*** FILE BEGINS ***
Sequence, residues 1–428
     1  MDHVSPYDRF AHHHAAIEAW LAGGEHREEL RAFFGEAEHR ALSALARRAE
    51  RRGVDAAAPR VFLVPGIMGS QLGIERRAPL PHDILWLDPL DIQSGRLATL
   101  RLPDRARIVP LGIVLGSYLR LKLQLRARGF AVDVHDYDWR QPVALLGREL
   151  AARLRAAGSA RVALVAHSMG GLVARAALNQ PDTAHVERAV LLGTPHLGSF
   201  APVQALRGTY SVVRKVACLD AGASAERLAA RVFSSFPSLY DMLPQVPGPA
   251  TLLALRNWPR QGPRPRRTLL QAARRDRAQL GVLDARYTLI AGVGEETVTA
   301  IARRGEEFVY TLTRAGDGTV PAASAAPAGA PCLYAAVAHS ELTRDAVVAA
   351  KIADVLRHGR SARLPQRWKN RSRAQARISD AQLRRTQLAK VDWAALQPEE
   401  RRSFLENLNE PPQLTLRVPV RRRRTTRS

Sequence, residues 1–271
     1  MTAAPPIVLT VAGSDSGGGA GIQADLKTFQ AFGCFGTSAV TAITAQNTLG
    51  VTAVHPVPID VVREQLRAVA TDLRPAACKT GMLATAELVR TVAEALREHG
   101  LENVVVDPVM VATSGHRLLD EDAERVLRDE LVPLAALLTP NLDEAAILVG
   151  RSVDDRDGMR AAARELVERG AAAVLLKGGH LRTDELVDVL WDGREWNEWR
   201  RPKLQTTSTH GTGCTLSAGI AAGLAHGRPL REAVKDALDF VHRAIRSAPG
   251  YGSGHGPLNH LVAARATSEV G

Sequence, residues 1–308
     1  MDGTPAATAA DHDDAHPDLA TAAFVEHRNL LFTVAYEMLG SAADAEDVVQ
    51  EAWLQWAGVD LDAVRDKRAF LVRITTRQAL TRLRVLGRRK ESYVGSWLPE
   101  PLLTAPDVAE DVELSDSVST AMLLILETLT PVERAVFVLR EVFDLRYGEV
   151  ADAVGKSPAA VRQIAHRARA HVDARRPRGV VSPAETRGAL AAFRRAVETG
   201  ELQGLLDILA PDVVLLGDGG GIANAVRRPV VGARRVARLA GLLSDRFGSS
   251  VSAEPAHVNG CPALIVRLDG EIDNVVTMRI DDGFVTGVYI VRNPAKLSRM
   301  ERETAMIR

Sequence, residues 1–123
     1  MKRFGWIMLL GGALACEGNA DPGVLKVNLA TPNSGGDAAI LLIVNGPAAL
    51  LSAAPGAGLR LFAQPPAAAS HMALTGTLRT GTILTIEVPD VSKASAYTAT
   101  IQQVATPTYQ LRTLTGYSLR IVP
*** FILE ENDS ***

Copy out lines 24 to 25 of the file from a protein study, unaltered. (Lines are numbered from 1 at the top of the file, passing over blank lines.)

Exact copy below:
   251  VSAEPAHVNG CPALIVRLDG EIDNVVTMRI DDGFVTGVYI VRNPAKLSRM
   301  ERETAMIR